Sunday, December 07, 2008
Colin Blunstone: What Becomes of the Broken Hearted?
"I demand some Colin Blunstone to follow" says the comment on last week's Argent.
Blunstone, of course, was the lead singer of the Zombies and Rod Argent was also a member. The band's classic single She's Not There featured here a year ago.
Although the Zombies are now revered, they enjoyed only limited success in the sixties. The result was that, while the group's songwriters Argent and Chris White were doing nicely out of their royalties, the rest of them were making little money out of music. So much so that when the Zombies split in 1968 Blunstone took a proper job in insurance for a while.
The following year, months after it was issued, Time of the Season became a huge hit in America, but Rod Argent was busy with his new band and the Zombies did not reform to capitalise on this success.
Blunstone returned with some beautiful but only moderately successful albums - Wonderful is a good example from this period. He also sang Old and Wise for the Alan Parsons Project. (I am afraid that this video is an nonsense - Blunstone's recording coupled with a live performance by someone else - so just close your eyes and listen.)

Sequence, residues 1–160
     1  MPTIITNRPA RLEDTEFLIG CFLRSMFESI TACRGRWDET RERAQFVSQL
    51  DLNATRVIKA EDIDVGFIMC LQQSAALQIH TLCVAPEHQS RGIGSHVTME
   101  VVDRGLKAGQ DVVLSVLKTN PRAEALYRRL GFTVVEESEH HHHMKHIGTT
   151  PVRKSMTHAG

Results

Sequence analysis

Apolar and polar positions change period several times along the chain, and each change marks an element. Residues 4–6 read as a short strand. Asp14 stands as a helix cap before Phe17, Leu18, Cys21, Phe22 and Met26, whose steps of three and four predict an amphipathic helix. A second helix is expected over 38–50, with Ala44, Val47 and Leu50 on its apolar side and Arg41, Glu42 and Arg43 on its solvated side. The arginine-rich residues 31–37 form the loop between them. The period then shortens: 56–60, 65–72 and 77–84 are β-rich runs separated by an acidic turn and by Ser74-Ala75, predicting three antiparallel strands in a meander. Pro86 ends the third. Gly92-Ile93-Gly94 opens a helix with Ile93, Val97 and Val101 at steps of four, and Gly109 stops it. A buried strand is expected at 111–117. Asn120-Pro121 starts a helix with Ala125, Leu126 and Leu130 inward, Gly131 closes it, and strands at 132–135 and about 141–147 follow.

The Zombies have now reformed to the sort of adulatory reviews they deserved but never received in the sixties. This recent performance of A Rose for Emily from the LP Odessey and Oracle shows that much of the wonderful breathy timbre of Blunstone's voice is still intact. The song is introduced by Rod Argent.
But the song I have chosen comes from 1981. It is Blunstone's hit version of the Motown classic made with Dave Stewart (as in Dave Stewart and Barbara Gaskin, not Eurthymics).
The real question is what became of the class sixties artist in the 1980s? The nice jacket and squirty eighties keyboards are both reminiscent of Steve Winwood's While You See a Chance from the previous year, though the video is not half so weird.
Sadly Blunstone did not achieve the solo success that Winwood enjoyed after that song, but at least he and the Zombies now occupy their rightful place in British pop history.